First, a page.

Sometimes I close my eyes with my face against the Florida sun in a moment of near-perfect peace. Other days I jab and whack my trecking poles into the earth or slam my pack against a rock in unpredictable and uncalled-for frustration. Kicking littered beercans to the next county takes the edge off I guess! In no uncertain way, the trail is a place of extremes; and so emotions take pendulous swings.
But, alas, the path is especially suited for the shatter-hearted—the social leftovers, the could-have-beens—those trying to piece a torn life together and draw conclusions about their world. It’s a tragic but necessary journey to search out, to grieve in some cases, and to bring closure and restorative strength in others. Being on trail is happy and sad, desirable and undesirable, safe and dangerous.
Making our way steadily out of the sprawed-out Orlando metropolis, Tank and I came upon a number of outlying towns, the first of which was Winter Springs reached by a paved bike path lined with upscale houses. The area was both biker and pedestrian friendly with spaced-out metal benches, public water-bottle fillers, bike repair stations, and even doggy water fountains (water fountains lowered to reduce canine neck-straining!).
Since this section was an urban area with paved surfaces, namely designated bicycle paths instead of a conventional dirt footpaths, the FTA set aside a small thru-hiker-only campsite in a nondescript area of the woods. Continuing on the bike path, Tank and I penetrated through the town of Lake Mary where I was able to sip on a cappuccino at the 7-Eleven, pack out a submarine sandwich from a nearby deli, and bounce my box of winter hiking gear from the Lake Mary post office up to Crestview. Further up, after much roadwalking, we came upon the picturesque Seminole State Forest. This began my favorite part of the trail up to this point. The trail in this section was largely dry and well-maintained, having a wilderness feel quite distinct from south Florida. There were even shelters (lean-tos) in the Ocala section, which were reminiscent of those regularly seen on the Appalachian Trail that extends from Georgia to Maine.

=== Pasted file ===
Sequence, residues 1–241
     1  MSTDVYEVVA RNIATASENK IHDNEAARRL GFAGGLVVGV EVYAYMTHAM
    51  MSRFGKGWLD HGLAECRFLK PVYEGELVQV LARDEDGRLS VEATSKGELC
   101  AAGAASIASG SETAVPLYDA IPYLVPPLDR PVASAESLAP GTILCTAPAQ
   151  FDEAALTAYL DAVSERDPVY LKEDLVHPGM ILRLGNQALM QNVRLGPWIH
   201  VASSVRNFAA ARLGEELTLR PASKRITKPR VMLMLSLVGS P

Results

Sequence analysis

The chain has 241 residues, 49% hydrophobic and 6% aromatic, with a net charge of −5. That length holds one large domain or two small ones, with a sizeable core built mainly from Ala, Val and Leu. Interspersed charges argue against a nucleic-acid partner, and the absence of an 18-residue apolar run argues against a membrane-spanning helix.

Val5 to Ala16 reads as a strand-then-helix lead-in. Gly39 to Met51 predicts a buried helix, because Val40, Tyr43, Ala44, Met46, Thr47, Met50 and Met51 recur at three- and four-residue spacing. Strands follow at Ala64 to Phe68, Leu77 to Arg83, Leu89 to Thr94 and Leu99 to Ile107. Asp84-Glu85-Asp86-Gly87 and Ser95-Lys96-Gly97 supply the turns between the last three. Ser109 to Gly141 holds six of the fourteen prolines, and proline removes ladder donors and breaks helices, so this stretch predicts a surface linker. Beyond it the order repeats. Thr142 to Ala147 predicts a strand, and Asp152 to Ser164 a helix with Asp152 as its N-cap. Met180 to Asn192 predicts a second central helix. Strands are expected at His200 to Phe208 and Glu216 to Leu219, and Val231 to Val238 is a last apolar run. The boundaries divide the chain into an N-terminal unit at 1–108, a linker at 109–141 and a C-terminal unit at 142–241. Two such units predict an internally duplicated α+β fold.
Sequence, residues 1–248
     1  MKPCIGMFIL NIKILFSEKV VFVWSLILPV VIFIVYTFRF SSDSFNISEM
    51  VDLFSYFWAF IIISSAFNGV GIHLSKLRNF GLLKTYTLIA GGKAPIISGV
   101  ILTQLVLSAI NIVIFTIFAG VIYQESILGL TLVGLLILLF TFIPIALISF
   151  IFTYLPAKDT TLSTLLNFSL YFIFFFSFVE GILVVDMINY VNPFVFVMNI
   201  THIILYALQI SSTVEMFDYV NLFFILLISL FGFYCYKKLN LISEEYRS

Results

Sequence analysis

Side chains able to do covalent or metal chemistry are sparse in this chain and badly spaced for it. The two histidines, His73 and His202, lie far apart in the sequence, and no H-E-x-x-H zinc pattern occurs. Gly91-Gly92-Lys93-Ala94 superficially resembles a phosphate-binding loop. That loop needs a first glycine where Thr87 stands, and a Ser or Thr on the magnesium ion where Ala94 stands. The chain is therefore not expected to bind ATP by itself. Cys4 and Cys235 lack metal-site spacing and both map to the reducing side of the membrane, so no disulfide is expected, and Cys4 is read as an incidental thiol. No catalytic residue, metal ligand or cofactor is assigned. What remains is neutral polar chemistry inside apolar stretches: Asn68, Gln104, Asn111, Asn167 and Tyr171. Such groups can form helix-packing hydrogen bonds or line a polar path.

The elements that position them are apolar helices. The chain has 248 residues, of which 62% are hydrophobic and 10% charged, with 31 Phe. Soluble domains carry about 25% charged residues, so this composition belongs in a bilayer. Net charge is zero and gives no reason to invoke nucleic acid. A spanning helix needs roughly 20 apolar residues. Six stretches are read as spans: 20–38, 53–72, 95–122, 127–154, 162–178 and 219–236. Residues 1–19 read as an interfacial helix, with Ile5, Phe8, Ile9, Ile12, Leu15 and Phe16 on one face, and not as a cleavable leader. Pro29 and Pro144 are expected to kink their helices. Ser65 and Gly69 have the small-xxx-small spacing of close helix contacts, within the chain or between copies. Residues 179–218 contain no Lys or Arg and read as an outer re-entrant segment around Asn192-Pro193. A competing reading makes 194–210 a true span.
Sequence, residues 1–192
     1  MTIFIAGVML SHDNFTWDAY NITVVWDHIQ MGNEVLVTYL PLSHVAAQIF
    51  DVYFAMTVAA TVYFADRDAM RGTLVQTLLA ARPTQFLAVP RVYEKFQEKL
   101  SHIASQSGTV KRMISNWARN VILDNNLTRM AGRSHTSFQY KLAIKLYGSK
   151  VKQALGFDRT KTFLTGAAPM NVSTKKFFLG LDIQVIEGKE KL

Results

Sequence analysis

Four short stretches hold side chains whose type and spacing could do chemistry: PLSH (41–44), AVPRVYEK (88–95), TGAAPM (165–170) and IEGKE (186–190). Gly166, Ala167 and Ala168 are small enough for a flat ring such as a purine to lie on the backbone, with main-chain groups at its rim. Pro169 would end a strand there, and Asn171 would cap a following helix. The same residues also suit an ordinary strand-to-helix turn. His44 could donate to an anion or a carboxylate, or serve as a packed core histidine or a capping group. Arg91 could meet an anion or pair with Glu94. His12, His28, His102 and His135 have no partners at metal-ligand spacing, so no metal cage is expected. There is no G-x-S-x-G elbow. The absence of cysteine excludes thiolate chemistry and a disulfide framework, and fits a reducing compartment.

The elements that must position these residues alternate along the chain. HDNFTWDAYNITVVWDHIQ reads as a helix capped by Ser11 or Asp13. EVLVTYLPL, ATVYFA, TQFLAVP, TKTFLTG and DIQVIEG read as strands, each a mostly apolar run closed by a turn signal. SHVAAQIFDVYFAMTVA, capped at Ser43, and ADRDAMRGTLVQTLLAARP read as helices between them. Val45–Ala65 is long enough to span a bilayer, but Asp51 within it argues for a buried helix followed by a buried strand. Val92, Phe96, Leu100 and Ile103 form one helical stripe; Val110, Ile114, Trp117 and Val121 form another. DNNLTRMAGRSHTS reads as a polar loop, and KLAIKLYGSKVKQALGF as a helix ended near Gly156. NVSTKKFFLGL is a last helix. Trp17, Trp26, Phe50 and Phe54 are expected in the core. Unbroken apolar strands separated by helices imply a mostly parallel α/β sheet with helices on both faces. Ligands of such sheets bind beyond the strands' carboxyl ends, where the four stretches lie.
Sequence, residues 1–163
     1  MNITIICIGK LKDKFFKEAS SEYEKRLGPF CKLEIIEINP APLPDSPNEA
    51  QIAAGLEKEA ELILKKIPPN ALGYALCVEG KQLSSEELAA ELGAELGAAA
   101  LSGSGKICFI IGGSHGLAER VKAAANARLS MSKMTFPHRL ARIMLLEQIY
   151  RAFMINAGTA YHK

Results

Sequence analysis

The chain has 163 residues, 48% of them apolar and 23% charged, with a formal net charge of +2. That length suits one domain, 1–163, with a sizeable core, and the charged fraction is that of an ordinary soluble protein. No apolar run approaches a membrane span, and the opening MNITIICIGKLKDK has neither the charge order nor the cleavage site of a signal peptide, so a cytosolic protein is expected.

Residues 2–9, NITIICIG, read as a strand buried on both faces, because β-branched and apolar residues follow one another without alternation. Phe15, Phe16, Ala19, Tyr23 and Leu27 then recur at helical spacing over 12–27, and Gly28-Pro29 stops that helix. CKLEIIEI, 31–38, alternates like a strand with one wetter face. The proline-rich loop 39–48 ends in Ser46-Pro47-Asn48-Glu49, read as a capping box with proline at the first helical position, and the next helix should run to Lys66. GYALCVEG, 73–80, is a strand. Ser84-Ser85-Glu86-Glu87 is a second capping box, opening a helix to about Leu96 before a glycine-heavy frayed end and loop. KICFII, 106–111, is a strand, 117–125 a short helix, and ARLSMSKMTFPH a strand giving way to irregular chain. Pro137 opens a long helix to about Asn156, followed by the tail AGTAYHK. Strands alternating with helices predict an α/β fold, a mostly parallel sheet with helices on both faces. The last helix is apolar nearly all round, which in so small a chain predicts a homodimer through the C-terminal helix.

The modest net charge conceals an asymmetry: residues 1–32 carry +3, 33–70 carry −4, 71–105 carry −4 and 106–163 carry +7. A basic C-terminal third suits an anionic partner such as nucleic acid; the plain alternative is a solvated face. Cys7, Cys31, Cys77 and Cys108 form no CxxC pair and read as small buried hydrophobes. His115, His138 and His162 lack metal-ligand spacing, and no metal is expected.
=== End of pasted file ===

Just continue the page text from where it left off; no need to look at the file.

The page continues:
Ocala National Forest is where Jim Kern, the father of the Florida Trail and the originator of the Florida Trail Association (FTA) first began blazing a continuous footpath through the state. Kern, after having hiked on the Appalachian Trail back in the 1960s, sought to build a long-distance trail through his home state of Florida. The birth of the Florida Trail began with Kern’s bold vision and passion for the outdoors. The FT was designated a National Scenic Trail in 1983 when I was just two years of age.
Paisley made for a quick but resourceful stop as the two of us were able to resupply at a Dollar General and take some skin-cooling shade under a shelter at the local library. Hiking on still further was the much-anticipated hiker-friendly stop at Oasis 88 (“The 88 Store”). This old time general store had hiker food, a bar, a shower room, and a soon-to-be auxiliary laundry building. We chatted up with the locals and even got some thirst-quenching beverages on the house! Natural Light (“Natty Light”) flows like water here. Tank ate multiple hot dogs that were spinning on the rotisserie while I inhaled a couple extra-long chimichangas. The place welcomed “hiker trash” (a term denoting a hiker that has gone several days without a shower or doing laundry), probably because it’s a popular hunting area that is used to accommodating grungy folk. Some hunters here actually use beagles (scent hounds) to hunt deer, which is perfectly legal, but I won’t go there in light of my views of a fair chase.
Crossing over swampland using an elaborate system of boardwalks, Tank and I finally tackled the Ocala section of Central Florida. It was time to knock out the northeast portion of the FT!
On a final note, I wanted to pass along an encounter I recently had with a local reptilian resident. While nightwalking one evening along a swampy ditch, I noticed alligator eyeballs illuminating an orangish glow like little lightbulbs just as soon as the light from my headlamp hit them. This was most definitely a special wildlife moment—an imprinted memory of which will surely be pleasantly recalled years from now.
The time has come to make another push; Alabama is drawing ever closer.